CORPUS CHRISTI, Texas — Three months after KRIS 6 News asked the Texas Department of Transportation what had been done to prevent wrong-way drivers from accessing the Harbor Bridge, 6 Investigates has obtained emails and documents that reveal how the state agency addressed fatal accidents.
“Why did it take so long,” Judy Butler asked.
A resident of Corpus Christi, Butler's email asking for wrong-way drivers to be addressed is just one of many that shine light on the approach by TxDOT since 2015.
KRIS 6 News began investigating these crashes following the fatal wrong way crash on the bridge in November that left two people dead.
That investigation revealed at least eight people have died in the last seven years in crashes involving drivers entering the Harbor Bridge via exit ramps.
March 1, KRIS 6 News anchor Pat Simon asked Governor Greg Abbott if he had seen TxDOT's plans to address these accidents. Abbott said the plans were "inadequate" and called for TxDOT and the Department of Public Safety (DPS) to search for real solutions.
Some solutions include the permanent closure of some southbound exits off the Harbor Bridge.
With solutions in place, 6 Investigates began looking into what TxDOT had done over the last seven years, following any of these fatal accidents.
In February, the investigative team sent TxDOT several questions, specifically asking what it had done following the Sept. 2015 crash that killed Julie Gatheral. Her sister, Susan Hardinger, has been vocal in the need to close exits.
TxDOT didn't respond to that specific question, or others, rather they responded with a statement in late February.
On the same day 6 Investigates sent TxDOT questions, it also filed a Texas Public Information Request asking for public records related to wrong-way crashes on the Harbor Bridge and US Highway 181.
A portion of the documents requested were released, and KRIS 6 News found that on numerous occasions, there was no communication following a fatal accident, or the public agency responded with actions such as new "Do Not Enter" or "Wrong Way" signs, road reflectors, or blinking signs.
Documents also reveal a plan to install wrong-way detection systems, in April 2021.
Timeline of TxDOT response to wrong-way drivers:
On September 22, 2015 at about 7 p.m., Julie Gatheral was driving southbound over the Harbor Bridge. She was on the way to pick up her husband, Ian, who just got off of work. Gatheral’s Nissan X-Terra was hit head-on by a truck driven by an intoxicated Lionel Guerra. He entered the Harbor Bridge on an exit in the wrong direction.
Gatheral was killed in that crash.
In October 2015, just days after the September death of Gatheral, one TxDOT email acknowledged that deadly crash.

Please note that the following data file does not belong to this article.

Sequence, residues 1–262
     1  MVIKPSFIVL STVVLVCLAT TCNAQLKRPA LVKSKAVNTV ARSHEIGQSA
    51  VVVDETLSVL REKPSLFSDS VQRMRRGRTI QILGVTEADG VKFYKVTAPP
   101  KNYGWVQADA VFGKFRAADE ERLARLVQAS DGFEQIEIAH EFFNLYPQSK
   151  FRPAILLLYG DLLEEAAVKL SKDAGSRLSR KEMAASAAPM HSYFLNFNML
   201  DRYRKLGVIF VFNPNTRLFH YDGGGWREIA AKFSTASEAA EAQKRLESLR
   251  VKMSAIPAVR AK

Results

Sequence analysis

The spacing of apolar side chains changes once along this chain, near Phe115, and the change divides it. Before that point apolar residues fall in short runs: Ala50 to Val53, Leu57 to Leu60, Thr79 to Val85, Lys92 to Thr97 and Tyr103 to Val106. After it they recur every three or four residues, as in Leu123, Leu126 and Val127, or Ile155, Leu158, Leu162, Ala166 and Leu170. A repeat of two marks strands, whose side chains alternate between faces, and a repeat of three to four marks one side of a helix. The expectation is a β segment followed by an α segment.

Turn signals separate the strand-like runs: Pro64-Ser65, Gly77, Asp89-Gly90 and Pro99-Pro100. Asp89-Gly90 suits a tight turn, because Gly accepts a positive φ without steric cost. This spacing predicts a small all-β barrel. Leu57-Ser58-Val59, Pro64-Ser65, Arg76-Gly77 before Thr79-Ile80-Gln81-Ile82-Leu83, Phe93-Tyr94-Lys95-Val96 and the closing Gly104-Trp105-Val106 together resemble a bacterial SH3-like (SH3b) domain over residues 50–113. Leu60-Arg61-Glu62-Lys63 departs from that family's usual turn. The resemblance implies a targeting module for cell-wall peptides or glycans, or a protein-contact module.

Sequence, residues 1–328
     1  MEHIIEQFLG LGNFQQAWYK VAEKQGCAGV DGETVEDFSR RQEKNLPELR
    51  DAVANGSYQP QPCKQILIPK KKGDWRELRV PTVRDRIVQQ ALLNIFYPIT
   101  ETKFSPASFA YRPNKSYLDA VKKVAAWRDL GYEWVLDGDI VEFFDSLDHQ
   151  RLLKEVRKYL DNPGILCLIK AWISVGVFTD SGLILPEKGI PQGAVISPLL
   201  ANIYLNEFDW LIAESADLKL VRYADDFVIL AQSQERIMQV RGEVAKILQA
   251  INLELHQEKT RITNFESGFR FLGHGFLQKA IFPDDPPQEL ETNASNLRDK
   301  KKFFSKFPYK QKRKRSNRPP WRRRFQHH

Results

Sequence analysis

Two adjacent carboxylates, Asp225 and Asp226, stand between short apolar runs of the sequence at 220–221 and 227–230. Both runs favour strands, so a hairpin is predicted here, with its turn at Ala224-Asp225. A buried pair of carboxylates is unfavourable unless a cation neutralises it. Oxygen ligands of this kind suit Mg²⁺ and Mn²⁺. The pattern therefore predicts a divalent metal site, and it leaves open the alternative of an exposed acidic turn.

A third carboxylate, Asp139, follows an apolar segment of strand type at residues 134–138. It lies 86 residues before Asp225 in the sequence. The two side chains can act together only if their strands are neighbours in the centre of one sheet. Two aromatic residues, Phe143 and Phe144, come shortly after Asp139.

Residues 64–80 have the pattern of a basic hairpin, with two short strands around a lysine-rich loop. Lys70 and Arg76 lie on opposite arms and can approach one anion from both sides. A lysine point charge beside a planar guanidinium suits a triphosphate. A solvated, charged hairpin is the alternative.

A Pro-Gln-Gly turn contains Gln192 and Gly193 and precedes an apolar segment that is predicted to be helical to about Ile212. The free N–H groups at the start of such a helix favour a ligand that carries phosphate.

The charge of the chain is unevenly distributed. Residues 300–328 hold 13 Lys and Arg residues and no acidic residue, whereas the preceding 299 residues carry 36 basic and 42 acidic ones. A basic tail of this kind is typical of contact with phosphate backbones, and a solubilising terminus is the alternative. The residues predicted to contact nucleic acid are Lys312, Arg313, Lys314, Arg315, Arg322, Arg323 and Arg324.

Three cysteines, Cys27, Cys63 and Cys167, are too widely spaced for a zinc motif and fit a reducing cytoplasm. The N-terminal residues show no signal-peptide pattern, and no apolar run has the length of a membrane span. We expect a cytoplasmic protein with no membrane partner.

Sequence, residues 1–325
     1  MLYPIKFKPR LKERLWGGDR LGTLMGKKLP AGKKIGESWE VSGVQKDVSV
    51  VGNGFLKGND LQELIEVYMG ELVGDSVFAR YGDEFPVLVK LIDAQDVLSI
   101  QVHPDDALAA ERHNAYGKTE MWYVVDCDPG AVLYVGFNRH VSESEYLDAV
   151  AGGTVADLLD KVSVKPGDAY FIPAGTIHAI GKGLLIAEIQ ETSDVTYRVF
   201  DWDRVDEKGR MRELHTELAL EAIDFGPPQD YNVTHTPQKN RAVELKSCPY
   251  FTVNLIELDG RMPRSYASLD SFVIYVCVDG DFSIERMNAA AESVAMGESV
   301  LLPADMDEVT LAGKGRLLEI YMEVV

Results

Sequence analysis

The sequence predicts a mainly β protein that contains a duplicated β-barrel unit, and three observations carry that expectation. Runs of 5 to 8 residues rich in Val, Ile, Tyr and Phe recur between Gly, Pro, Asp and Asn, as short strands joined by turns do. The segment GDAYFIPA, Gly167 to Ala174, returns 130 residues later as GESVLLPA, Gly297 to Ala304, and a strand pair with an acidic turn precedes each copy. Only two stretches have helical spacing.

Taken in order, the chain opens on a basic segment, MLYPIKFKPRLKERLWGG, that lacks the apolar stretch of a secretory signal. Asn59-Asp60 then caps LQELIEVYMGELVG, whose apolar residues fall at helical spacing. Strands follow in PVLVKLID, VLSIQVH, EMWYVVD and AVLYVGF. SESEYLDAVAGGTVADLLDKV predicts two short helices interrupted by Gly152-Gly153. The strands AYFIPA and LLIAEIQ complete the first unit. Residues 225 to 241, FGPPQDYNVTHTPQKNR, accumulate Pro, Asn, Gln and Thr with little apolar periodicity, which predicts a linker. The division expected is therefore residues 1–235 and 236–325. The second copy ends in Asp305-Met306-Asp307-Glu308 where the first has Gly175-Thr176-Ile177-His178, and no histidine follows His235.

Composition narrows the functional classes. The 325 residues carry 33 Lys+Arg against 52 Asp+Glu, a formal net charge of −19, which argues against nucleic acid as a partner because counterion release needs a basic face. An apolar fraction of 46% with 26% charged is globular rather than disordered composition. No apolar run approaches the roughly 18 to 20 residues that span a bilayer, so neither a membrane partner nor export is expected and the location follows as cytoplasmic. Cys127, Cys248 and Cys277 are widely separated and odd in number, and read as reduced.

It also addressed an additional wrong-way driver crash where a driver swerved to avoid a head-on collision and struck a wall. The TxDOT email further reads, “several other head-on collisions nearly happened.”
In response to this fatal crash, TxDOT added flashing beacons to wrong-way signs at bridge exits.
KRIS 6 revealed statistics showing eight people have died from wrong-way crashes on the Harbor Bridge that happened since 2015.
That includes the March 29, 2017 crash that killed 25-year old Taylor Counts and 33-year-old Camilo Espitia, Jr. on the Nueces Bay Causeway (after crossing the bridge).
On June 3, 2019, Corpus Christi resident Judy Butler sent an email to Mayor Paulette Guajardo, who was an at-large city council representative at the time. That email claiming Butler had witnesses the result of numerous wrong-way driver collisions on the Harbor Bridge, including one the day before the email was written.
“I was the first one on the scene, and it was frightening," Butler said. “There's nothing like standing on top of the bridge and feeling as helpless as you can possibly imagine.”
Butler's email to Guajardo said that the crash should be a wake-up call to the city and state.
“I thought 'why are we in this situation?' It just seemed ridiculous,” Butler said.
In the email exchange, Guajardo responded, saying that she agreed with Butler’s email and would get with the city manager on the issue. Guajardo also forwarded Butler's concern - that eventually got to TxDOT.
Almost six weeks later, records show TxDOT said it conducted a field review and proposed recommendations July 12, 2019.
TxDOT recommended replacing existing "do not enter" and "wrong way" signs, refreshing striping and road reflectors, and other measures. There was no discussion of closing the exits off the Harbor Bridge.
Judy Butler said she wanted real solutions, and was disappointed with the results.
“I just felt like it fell on deaf ears. And it did because nothing really, nothing happened,” Butler said.